Cycle tracks will abound in Utopia... said author, thinker and futurologist H.G Wells.  I'm inclined to agree, and he also said "When I see an adult on a bicycle I do not despair for the future of the human race"...


Not so long ago we were asking here on the blog how we can go about encouraging cargo bike culture, and steadily and surely I've been noticing more and more cargo bikes - nearly always for carrying kids - since then.  I witnessed a touching moment this week when a group of commuter cyclists formed a 'guard of honour' around a Mum on a Christiana at a busy junction in the City - they kept the traffic from passing too closely through the junction so she could be safely on her way.  It wasn't planned, or even discussed amongst the cyclists, it just sort of happened, but moments like that give me hope that we can at least start to get somewhere in London with our emerging cycling culture.  Now all we need are the conditions to encourage an awful lot more of it!

On London's busy, dangerous roads should we even be encouraging these pioneer cargo bike users, and if so, what can we do make conditions safe and comfortable for them?

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David Hembrow said...

"Cargo Bike Culture" shouldn't really be an aim. If you see children who are old enough to ride their own bikes instead being transported on an adult bike, or (as we did in the UK) attached on trailerbikes behind an adult's bike so that they can be kept safe, that is an indication of people suffering from a low level of subjective safety.

Here in the Netherlands, children ride their own bikes to school, to the centre of the city, anywhere. This means even quite small children including three and four year olds who have only just learnt to ride a two-wheeler.

A cargo bike isn't needed. Parents can simply ride alongside on their own bikes.

In fact, cargo bikes and child trailers are remarkably rare around here. Trailerbikes are almost non-existent. You only see young people being transported on an adult's bike if they are very young or if there is some other reason of convenience, in which case they'll probably be sitting sideways on the rear rack.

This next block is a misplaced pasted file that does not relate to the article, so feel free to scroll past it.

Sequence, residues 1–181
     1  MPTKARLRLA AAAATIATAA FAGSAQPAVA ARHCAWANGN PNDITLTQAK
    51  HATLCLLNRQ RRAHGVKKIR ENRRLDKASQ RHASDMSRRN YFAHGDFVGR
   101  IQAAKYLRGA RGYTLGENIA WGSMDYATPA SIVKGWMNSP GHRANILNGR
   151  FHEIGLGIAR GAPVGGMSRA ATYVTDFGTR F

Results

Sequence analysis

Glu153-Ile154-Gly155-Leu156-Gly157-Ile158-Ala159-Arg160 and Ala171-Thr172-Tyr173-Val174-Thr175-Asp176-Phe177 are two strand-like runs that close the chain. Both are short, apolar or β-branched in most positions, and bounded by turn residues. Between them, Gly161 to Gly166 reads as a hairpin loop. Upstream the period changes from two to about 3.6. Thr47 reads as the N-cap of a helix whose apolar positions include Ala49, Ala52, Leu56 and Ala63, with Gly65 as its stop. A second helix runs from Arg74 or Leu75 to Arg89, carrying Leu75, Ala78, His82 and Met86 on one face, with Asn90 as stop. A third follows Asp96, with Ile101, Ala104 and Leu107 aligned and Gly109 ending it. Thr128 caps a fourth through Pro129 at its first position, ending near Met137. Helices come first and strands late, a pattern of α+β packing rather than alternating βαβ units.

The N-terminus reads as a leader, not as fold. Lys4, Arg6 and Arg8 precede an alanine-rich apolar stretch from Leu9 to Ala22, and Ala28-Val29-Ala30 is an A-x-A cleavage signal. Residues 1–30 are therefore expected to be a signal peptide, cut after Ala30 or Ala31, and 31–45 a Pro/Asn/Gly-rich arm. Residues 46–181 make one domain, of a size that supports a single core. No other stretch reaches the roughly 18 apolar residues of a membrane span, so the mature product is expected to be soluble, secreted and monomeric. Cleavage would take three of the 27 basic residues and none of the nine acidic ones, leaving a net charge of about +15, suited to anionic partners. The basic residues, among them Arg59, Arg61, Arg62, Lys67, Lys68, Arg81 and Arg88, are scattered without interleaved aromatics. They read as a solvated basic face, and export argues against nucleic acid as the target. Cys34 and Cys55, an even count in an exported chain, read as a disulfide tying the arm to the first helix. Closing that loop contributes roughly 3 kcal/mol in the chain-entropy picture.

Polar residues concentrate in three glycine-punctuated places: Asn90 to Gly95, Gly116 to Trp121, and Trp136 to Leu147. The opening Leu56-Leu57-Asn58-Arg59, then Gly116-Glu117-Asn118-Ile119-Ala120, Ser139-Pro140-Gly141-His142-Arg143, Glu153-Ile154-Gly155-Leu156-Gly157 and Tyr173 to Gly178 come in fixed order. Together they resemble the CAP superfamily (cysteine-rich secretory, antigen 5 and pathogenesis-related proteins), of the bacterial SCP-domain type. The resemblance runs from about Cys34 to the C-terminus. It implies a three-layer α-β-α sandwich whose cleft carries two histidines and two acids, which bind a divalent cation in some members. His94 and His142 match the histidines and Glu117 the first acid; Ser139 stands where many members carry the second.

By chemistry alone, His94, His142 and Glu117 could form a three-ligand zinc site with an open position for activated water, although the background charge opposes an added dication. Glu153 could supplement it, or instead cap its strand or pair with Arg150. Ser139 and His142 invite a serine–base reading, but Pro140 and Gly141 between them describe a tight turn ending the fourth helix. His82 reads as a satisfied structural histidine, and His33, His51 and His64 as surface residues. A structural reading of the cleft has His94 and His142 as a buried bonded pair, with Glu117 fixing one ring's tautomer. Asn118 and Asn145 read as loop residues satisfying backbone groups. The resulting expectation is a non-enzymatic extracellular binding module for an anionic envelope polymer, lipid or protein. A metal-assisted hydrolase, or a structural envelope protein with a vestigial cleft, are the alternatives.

This varies even within NL. In a city with a lower than average standard of cycle facility, where cyclists are under more pressure, such as Amsterdam or Rotterdam, you'll find cargo bikes are more common and older children can be seen sitting in them.

It's the same as with your "guard of honour". Lovely idea, but it's a symptom of a problem.

"Cargo bike culture" should be seen as an intermediate step towards a situation where children are safe to cycle on their own.

And should it be encouraged ? That's a very difficult question. While we transported our own children by bike in the UK, that was our personal decision. It is for every individual parent to decide what is safe for their child, and as conditions stand at the moment, most don't think it's safe even if they can use a cargo bike.

ibikelondon said...

Hi David,

Thanks for stopping by, and just for once I'm inclined to actually disagree with you. When I met with the former Mayor of Copenhagen she explained that studies had found that there was a drop out rate in Mums and Dads cycling between the time when their kids were born and the time when they perceived their kids were old enough to cycle. Cargo bikes allowed them to keep cycling through that time, with baby on board, meaning that the kids were around bikes from a very young age and there was no cycling "gap" in the parents lives where they might have been tempted to buy a car and disappear from cycling all together.

Of course I agree that conditions should be thus that children who are old enough to ride should be able to do so confidently and safely, but we are not quite there yet. (Indeed, we're not even close!) If cargo bikes, which we *should* encourage along with all other types of cycling, help to form a stepping stone between the two then that I think can only be a good thing.

You're correct in that I used the 'guard of honour' analogy as an example to demonstrate that things aren't right on our roads, and such an action should not be necessary. As to whether I'd ride around with my young niece in a cargo bike.. that's a tough one, and I am sure it would be a tough question for most people here. By raising such a question I hope it makes everyone think a little harder as to whether conditions on our roads are fair and equitable or not.

All the best from London!

ndru said...

David - there are two problems here - my son and I cycle side by side if the distance is not to great and we have time (and we don't have to go over too busy roads). However taking into account how big London is some parents wouldn't find it feasible to actually let their kids cycle on their own due to time constraints. Secondly as you have observed roads in central London are not safe enough for children to cycle on them. And this is of course the sad reality that I think most Londoners who cycle (and some who don't) wish to change.

Adam said...

Cargo bikes are also used for carrying cargo, not just kids. I use mine to carry my kids around Bristol (one is just over 1 yr old (@David).. so not realistic to have her cycle alongside me!). But I also use it a lot to carry other loads including lots of shopping. So yes, I'd be inclined to say it should be encouraged.

We always get a very positive (if slightly confused ) reaction from people riding ours, with a lot of people never having seen anything like them before or even being aware that anything is available that can enable you to carry loads that would otherwise require a car.